With the continued spread of the coronavirus outbreak, governments throughout the world have implemented various forms of lockdown, now affecting a third of the global population including the major cities of North America. The impact of the pandemic on musicians and performers, due to the ban on public gatherings, has shut down entertainment venues of all sizes, halted nearly all media production, and eliminated thousands upon thousands of jobs.
The live entertainment industry has gone dark. In the freelance gig economy, we are 100% unemployed. Under emergency governmental restrictions, we are unable to publicly perform. The virus has locked us out—employees, employers, and audiences alike. We are all in limbo. No one knows when or where the infection curves will “flatten.” No one can tell us with any degree of certainty when restrictions will be lifted. No one can say when our communities will be deemed safe enough to risk restarting non-essential businesses and performance venues with the resumption of live entertainment.
Today, as we ride out this deadly virus, we are in uncharted territory. Nobody—the musicians in the gig economy, the promoters, the audiences who support us—none can hazard a guess where or when the venue doors might re-open. Where will the next paying live gigs be? What will they look like? Fear is the stalking horse of uncertainty.
More broadly though, what short- and long-term consequences will we endure from this severe economic shock, and how will we recover? Will we return to our level of pre-shock earnings and productivity? Will the social distancing legacy of the COVID crisis choke economic activity in the live entertainment sector? If so, it could adversely affect our workplaces—the theaters, the concert halls, the convention dates, the nightclubs, the bars and restaurants.
In every economic downturn, winners and losers emerge. How will our employers and those who control our work behave toward us as the lockout ends and the economy comes back to life? Will employers see a window of opportunity from depression-level unemployment to depress wages, extend profit margins, and gain more power over musicians’ lives?
These are hard questions for hard times. Our individual and collective strength will be tested as the pandemic eventually recedes. The decisions we make as the smoke clears may profoundly shape the rest of our lives.
While musicians are sheltering in place, venues closed, worried about the next gig and long-term shifts in live entertainment spending, there remain some positive relationships between musicians, employers, and the Federation as of this writing, April 20. I hope they will outlast the coronavirus.
There are no symphonic concert performances, but the majority of the 52 major US symphony orchestras affiliated with the International Conference of Symphony and Opera Musicians (ICSOM) are continuing to pay rostered musicians in accordance with agreements governing the shutdowns negotiated with their respective local unions. Some agreements continue wage payments into the summer.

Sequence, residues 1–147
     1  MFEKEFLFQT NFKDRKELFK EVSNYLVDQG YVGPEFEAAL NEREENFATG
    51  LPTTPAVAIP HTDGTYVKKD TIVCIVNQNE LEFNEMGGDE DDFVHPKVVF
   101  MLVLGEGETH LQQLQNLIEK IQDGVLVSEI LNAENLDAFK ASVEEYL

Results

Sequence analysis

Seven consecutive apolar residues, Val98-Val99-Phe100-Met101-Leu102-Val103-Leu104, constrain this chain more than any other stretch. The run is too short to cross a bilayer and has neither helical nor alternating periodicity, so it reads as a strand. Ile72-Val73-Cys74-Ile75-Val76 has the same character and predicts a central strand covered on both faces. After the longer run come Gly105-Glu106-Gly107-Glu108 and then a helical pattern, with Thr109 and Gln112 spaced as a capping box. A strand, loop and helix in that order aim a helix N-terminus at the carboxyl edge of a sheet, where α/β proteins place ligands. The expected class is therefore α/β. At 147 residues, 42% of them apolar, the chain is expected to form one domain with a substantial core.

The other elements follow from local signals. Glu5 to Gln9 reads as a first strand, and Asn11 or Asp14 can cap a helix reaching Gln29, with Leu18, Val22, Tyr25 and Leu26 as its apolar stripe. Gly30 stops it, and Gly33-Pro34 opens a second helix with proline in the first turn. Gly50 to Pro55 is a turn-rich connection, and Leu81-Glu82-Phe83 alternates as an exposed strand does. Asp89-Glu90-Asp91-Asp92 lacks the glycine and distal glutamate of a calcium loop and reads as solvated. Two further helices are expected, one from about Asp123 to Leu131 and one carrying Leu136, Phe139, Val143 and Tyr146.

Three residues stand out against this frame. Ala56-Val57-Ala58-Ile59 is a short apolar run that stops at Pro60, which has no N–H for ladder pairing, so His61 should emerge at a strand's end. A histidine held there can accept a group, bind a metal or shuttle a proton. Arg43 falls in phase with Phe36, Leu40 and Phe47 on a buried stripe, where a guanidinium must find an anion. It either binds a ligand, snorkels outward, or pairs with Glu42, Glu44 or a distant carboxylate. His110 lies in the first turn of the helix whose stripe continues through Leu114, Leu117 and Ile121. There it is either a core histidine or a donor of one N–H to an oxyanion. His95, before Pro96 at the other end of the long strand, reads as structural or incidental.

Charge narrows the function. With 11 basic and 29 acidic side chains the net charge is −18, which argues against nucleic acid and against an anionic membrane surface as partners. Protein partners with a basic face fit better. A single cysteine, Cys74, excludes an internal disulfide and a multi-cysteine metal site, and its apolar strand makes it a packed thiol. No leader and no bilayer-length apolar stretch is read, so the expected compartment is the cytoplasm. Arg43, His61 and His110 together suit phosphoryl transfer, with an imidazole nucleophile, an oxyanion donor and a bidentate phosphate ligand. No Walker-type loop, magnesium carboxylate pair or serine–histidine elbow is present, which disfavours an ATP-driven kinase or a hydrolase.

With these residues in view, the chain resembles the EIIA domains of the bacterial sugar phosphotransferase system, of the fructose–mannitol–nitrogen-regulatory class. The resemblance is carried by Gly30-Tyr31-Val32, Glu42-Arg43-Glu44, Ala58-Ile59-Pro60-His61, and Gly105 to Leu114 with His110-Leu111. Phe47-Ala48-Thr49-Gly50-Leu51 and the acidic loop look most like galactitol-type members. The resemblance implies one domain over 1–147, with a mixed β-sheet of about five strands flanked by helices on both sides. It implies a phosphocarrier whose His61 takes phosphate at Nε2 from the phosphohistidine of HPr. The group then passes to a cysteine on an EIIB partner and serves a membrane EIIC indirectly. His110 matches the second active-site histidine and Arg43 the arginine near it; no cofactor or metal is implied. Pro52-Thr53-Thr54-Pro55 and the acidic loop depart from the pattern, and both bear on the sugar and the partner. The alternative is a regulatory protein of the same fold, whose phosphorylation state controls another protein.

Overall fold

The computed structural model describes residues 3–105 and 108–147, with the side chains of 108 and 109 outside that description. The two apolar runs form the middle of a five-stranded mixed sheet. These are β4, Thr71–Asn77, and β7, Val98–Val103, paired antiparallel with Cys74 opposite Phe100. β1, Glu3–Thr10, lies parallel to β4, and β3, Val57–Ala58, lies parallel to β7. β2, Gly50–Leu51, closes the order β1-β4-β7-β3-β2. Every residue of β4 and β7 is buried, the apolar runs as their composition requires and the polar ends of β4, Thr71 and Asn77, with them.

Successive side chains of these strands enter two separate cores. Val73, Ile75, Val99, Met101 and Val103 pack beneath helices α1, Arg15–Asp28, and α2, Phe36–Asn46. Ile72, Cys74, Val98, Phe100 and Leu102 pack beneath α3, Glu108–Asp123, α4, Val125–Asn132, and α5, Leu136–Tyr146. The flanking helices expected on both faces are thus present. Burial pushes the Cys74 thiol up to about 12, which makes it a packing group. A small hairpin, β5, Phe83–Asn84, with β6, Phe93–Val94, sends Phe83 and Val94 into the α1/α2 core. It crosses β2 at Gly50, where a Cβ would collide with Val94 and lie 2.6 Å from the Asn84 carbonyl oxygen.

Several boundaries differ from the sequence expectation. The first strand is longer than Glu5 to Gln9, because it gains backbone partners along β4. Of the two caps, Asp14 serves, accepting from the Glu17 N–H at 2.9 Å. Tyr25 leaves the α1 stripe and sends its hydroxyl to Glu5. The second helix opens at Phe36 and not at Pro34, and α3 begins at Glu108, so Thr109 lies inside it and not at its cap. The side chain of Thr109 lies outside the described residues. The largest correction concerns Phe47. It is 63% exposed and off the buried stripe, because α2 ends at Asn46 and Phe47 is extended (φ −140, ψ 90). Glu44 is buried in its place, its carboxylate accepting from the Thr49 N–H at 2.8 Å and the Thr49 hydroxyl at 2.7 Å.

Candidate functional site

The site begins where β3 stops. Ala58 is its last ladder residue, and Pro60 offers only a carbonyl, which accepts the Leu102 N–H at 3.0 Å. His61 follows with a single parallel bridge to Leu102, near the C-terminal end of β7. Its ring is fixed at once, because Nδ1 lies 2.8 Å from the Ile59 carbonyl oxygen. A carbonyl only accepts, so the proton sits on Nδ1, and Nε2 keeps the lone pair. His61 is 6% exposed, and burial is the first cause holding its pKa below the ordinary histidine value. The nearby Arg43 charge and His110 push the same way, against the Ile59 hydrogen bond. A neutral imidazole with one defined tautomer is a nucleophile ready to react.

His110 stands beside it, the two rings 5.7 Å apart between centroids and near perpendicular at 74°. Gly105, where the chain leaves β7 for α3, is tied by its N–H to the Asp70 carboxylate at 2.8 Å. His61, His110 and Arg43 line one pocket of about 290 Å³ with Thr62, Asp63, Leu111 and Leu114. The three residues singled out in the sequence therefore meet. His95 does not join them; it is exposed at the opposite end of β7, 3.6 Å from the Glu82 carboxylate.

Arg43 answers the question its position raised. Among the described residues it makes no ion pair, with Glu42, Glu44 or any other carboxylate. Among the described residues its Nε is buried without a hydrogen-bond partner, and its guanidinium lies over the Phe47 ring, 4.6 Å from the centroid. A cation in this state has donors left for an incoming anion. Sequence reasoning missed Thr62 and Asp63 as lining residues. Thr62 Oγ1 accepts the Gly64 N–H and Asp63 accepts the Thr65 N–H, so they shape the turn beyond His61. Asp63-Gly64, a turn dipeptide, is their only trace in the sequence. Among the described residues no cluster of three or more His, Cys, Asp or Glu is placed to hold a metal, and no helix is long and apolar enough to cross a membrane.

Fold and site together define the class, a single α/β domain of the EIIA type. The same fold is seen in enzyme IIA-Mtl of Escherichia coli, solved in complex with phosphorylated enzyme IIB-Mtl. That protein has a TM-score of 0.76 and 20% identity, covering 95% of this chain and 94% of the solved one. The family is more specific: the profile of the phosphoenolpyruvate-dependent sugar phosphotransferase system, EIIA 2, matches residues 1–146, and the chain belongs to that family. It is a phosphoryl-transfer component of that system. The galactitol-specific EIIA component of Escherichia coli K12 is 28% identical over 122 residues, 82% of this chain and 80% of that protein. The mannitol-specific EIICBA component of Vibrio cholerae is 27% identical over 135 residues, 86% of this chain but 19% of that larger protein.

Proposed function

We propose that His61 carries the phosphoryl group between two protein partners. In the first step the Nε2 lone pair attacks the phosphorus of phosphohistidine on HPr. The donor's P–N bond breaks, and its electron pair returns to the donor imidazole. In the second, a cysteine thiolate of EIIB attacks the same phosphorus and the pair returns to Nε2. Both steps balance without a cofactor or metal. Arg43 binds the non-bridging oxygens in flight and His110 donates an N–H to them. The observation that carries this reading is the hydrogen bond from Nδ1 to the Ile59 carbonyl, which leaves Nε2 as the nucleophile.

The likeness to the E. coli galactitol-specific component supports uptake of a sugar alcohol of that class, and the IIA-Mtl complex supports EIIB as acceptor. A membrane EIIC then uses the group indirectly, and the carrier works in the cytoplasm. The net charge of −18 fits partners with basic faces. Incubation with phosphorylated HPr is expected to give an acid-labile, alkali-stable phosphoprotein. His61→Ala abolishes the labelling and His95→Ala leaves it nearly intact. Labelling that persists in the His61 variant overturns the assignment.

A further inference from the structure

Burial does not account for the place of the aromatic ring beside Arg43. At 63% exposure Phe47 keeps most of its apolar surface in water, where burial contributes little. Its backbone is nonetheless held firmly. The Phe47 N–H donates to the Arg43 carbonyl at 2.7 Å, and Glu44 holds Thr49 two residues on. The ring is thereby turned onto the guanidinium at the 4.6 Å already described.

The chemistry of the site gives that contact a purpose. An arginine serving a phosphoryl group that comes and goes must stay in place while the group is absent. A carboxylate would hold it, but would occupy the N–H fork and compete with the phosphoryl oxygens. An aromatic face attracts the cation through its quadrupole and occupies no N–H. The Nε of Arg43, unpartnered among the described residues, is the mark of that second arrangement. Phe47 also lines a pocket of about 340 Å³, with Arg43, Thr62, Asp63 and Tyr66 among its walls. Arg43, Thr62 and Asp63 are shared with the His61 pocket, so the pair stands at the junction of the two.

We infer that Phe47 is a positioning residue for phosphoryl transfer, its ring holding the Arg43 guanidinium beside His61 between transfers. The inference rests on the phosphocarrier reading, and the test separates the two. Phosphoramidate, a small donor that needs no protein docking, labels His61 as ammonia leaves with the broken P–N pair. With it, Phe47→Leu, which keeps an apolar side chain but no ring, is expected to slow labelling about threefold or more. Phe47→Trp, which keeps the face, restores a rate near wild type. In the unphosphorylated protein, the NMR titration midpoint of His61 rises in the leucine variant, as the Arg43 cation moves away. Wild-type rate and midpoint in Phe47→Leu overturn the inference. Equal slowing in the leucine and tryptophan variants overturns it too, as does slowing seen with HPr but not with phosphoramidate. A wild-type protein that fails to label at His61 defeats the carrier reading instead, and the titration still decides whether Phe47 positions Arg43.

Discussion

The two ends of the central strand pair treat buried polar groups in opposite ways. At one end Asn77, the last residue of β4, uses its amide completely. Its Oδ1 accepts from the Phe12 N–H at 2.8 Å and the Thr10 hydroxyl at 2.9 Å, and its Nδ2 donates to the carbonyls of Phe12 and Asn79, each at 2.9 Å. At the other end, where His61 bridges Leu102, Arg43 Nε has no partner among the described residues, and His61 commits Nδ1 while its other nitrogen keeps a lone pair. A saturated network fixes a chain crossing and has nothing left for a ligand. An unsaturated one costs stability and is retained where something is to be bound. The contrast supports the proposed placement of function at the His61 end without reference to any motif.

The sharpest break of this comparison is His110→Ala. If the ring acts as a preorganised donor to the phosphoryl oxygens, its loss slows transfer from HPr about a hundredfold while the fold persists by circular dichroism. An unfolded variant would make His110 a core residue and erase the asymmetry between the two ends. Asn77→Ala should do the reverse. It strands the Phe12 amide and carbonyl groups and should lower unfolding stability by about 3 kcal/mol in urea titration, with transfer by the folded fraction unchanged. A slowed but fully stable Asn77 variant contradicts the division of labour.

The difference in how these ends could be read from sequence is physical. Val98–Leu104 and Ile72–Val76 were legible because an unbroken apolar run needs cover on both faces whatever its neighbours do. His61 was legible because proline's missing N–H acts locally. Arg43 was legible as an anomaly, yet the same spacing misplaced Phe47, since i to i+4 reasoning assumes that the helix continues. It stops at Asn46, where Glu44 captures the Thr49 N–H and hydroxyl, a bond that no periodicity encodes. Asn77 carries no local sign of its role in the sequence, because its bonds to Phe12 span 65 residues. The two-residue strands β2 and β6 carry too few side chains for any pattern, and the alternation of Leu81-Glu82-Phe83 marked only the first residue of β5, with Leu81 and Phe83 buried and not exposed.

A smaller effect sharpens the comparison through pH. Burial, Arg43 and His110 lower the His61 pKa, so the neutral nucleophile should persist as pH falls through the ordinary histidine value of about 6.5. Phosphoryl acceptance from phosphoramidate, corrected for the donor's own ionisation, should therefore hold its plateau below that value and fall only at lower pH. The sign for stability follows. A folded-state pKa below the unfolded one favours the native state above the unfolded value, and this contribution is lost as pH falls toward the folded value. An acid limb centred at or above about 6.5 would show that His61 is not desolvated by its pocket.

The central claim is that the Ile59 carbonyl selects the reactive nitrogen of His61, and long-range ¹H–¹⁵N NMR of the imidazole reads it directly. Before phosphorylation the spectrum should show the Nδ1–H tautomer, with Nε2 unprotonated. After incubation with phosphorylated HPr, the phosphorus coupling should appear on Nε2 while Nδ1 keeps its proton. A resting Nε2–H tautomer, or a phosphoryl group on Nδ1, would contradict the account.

Touring Theatrical Musicals
A total of 23 Pamphlet B and Short Engagement Tours were suspended during the week of March 15. Together with other workplace unions, the Federation negotiated a shutdown agreement with the Broadway League covering touring employees providing for cancellation payments and necessary expenses for musicians to return home. The unions are expected to meet and discuss workplace issues in connection with the resumption of touring production prior to the end of suspensions.
Motion Picture/TV Film/Live Television
Film producers and TV networks halted all production in mid-March. Company heads are now in discussion about easing back into production and what content to show in a society changed by the pandemic. Despite the hiatus, some films and dramatic TV series had finished production before the emergency declarations. Scoring sessions have continued for those shows with the Federation facilitating contract applications during the crisis (also applicable in sound recording) for the use of remote recording sessions, where individual musicians perform simultaneously, captured alone in safety, but all mixed together for the soundtrack master. In live TV, the late-night bands have continued to be paid, with some shows hosted live, and others remotely, using clips from previous episodes. Primetime TV shows like The Voice are airing prerecorded shows. Musicians in live TV production receive substantial payments for re-runs.
With the proliferation of home studio technology, remote recording sessions have continued and are being processed through the Federation’s Single Song Overdub Agreement and Sound Recording Labor Agreement remote recording applications for use during the crisis.
Commercial Announcements (Jingles)
While slowdowns in local and regional media advertising have taken hold, national accounts are continuing to advertise via online and traditional media. New original sessions will likely decline short-term, with increased use of licensed pre-recorded content such as legacy sound recordings. Musicians whose performances are embodied in original and licensed recordings will receive new use and reuse payments as ad cycles continue.
The pandemic and its social distancing regimen will alter how consumers consume, work, and play. In America, the virus has killed over 46,000 people in just two months. It has also killed businesses and it has killed our jobs.
Live musical performances are social by their very nature. Through our performances, we are social and cultural drivers. The disease has already caused the adoption of unfamiliar ways of doing business, but it won’t stop the power of our music. And it won’t stop our union. When the lockout ends, we will adapt, we will perform, and we will thrive.